IT Pro Talk: Mobile device management and Windows Phone 8

Last month I introduced you to the business hub for Windows Phone 8, a site where IT professionals can find white papers and info for deploying Windows Phones in the workplace.

In this post, I’ll drill in a little and detail some of the mobile device management (MDM) capabilities of Windows Phone 8, highlighting related IT pro content and service offerings.

Businesses use mobile device management software to provide mobile access to email and deploy policies to help protect corporate data. Typical policies include turning on device encryption and mandating the use of a PIN or password to unlock the phone.

Windows Phone 8 offers several choices for mobile device management including Exchange ActiveSync support, Windows Intune, and Microsoft System Center Configuration Manager Service Pack 1 along with Windows Intune.

Exchange ActiveSync protocol (EAS) support allows Windows Phone 8 to synchronize email, calendar, task, and contact information with Exchange Server (Exchange Server 2003 SP2 and later) or Microsoft Office 365.

Similar to Group Policy settings for PC operating systems, EAS provides the ability to manage Windows Phones using security-related policies configured by an organization’s IT department. EAS security-related policy settings that can be managed using Exchange Server are:

Policy setting Description


Specifies whether a simple device password is allowed.


Specifies whether the password must be alphanumeric.


Specifies whether a password is required.


Specifies the length of time that a password can be used.


Specifies the number of previously used passwords to store. The user is not allowed to reuse these stored passwords when creating a new password.


Specifies whether IRM is enabled for the mailbox policy.


Specifies the number of attempts a user can make to enter the correct password for the mobile phone before a device reset to factory settings is initiated.


Specifies the length of time that the phone can be inactive before the password is required to reactivate it.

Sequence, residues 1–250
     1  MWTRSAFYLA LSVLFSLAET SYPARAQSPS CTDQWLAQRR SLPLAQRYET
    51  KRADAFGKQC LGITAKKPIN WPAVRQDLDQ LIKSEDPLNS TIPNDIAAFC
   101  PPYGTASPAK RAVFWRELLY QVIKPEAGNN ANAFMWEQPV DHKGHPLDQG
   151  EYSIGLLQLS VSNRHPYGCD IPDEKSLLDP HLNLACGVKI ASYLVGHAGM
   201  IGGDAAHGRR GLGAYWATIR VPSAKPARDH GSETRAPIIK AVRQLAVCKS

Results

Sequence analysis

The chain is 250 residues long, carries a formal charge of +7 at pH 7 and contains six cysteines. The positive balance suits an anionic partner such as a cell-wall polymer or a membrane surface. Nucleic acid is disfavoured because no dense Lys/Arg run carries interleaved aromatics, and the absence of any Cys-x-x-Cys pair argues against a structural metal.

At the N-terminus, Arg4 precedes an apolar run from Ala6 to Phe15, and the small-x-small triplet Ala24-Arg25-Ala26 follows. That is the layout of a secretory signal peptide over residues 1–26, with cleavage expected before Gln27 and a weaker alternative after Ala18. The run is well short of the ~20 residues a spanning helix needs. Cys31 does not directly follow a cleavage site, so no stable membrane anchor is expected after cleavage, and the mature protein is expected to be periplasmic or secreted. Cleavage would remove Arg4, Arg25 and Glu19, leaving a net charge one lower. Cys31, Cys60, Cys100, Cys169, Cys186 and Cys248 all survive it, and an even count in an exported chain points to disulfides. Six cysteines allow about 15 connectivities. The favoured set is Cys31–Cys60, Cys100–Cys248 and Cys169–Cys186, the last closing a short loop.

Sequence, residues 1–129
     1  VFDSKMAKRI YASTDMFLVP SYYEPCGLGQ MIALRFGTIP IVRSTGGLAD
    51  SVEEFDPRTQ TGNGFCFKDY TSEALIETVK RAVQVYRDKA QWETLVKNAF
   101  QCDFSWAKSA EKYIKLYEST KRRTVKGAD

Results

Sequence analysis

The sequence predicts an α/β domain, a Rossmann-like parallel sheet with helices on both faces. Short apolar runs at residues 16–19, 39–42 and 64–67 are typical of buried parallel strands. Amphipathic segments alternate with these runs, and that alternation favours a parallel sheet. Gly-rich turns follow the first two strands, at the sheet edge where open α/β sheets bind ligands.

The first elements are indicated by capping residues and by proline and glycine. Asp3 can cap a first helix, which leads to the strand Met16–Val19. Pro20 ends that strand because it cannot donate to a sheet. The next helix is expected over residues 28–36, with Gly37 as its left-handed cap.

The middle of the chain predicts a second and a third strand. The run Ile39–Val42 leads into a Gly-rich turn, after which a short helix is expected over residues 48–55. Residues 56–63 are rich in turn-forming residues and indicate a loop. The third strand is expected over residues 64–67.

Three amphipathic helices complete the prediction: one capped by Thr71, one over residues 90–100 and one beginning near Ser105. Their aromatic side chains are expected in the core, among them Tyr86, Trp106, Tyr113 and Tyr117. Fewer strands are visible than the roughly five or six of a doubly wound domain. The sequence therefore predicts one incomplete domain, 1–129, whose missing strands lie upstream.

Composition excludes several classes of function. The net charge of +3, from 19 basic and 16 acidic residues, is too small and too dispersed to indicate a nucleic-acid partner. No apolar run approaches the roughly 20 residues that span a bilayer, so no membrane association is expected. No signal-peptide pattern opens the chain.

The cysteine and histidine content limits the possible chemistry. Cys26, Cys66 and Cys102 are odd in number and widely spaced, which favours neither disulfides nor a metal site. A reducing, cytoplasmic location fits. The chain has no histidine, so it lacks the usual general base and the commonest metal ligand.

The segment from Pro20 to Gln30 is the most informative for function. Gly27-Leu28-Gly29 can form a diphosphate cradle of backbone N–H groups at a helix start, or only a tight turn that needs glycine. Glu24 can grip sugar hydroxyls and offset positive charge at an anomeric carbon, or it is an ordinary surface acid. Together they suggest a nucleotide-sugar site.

Specifies the number of character groups that are required to be present in the password. (Character groups include lower case alphabetical characters, upper case alphabetical characters, numbers, and non-alphanumeric characters.)


Specifies the minimum number of characters in the device password.


Specifies whether encryption is required on the device. (Once set, BitLocker conversion automatically starts encrypting the internal storage of the phone.)


Deletes data on the user data partition and resets the phone to factory settings.


A server enforced setting that specifies whether all mobile phones can synchronize with the server running Exchange. When set to $true, this setting enables all mobile phones to synchronize with the Exchange server, regardless of whether the phone can enforce all the specific settings established in the EAS policy. This also includes mobile phones managed by a separate device management system. When set to $false, this setting blocks mobile phones that aren’t provisioned from synchronizing with the Exchange server.


Specifies whether the mobile phone can access information stored on a storage card.

In addition to device management capabilities offered with EAS, Windows Intune offers device enrollment, configuration and reporting. With Windows Intune, businesses can manage their Windows Phone 8 devices (as well as existing iOS and Android devices) either directly or through Exchange ActiveSync from their admin console at


If Microsoft System Center 2013 Configuration Manager Service Pack 1 is deployed in your server environment, you can use the Windows Intune service to manage mobile devices while performing all management tasks from the System Center Configuration Manager Console rather than the Windows Intune admin console. More information about Windows Intune and Microsoft System Center 2013 Configuration Manager Service Pack 1 can be found at and

In addition to the Microsoft offerings mentioned here, Windows Phone 8 also supports popular third party Mobile Device Management offerings such as AirWatch, MobileIron, and others.

For more info on Windows Phone 8’s mobile device management capabilities, check out these technical resources.

And if you’re an IT pro with comments about specific business-related topics you’d like to see me cover here, or you want to provide feedback on our white papers, please leave a comment or email me at